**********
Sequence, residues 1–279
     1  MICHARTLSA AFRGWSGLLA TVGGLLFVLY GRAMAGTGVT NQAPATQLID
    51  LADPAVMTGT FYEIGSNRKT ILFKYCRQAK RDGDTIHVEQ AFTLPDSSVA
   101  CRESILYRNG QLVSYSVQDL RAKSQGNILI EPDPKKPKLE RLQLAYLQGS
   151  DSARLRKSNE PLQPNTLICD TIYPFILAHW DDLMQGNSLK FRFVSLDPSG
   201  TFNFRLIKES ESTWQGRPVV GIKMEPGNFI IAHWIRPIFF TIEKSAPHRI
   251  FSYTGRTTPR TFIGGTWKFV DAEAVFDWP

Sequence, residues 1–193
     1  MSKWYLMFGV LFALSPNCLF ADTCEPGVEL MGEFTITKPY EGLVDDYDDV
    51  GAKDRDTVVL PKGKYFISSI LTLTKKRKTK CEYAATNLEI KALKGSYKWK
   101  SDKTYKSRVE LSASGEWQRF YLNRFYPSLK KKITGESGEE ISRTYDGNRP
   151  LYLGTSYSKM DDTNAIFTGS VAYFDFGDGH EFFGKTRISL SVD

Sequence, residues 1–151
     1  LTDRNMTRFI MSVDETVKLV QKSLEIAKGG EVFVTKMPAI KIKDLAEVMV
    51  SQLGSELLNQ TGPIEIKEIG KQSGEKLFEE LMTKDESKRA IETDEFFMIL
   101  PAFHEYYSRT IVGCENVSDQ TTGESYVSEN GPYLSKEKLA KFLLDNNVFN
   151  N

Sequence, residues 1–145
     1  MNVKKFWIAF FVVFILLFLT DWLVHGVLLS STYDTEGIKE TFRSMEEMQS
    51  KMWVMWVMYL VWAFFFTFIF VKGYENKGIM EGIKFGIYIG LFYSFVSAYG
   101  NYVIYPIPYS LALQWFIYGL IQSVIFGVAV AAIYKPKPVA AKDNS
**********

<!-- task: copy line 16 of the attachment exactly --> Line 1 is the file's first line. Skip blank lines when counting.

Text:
   101  PAFHEYYSRT IVGCENVSDQ TTGESYVSEN GPYLSKEKLA KFLLDNNVFN